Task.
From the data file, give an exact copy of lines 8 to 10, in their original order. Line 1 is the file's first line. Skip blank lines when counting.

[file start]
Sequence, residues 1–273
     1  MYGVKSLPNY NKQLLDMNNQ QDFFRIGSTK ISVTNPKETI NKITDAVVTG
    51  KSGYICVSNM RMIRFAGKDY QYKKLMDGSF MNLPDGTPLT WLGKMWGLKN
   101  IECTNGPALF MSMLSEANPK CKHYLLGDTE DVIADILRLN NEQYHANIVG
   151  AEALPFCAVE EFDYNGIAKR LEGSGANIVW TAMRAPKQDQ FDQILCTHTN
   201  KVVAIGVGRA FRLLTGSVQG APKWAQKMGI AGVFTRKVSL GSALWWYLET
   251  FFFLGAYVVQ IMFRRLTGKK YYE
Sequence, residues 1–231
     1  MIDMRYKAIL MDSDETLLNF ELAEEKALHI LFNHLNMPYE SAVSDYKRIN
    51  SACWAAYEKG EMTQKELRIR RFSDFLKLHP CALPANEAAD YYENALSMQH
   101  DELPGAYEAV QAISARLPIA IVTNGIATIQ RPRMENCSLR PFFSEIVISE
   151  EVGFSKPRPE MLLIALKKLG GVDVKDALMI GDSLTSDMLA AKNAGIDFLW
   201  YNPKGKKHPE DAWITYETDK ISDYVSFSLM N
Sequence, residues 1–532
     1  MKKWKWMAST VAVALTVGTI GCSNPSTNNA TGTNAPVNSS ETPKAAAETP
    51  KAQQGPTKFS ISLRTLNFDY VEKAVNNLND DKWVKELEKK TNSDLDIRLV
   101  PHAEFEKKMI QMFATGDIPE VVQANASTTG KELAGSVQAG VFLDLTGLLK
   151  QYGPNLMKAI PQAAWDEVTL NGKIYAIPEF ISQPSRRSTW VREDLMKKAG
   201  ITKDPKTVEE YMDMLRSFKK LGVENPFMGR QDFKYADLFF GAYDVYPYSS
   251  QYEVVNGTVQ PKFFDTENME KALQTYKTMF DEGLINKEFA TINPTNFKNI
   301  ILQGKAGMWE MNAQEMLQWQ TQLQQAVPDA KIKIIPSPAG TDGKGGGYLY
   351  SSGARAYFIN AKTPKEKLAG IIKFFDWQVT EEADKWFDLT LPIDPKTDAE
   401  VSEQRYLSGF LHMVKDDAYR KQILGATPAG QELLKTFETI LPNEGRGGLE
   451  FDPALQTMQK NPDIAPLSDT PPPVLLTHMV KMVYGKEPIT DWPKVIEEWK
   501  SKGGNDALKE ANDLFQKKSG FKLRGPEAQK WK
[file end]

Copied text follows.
Sequence, residues 1–231
     1  MIDMRYKAIL MDSDETLLNF ELAEEKALHI LFNHLNMPYE SAVSDYKRIN
    51  SACWAAYEKG EMTQKELRIR RFSDFLKLHP CALPANEAAD YYENALSMQH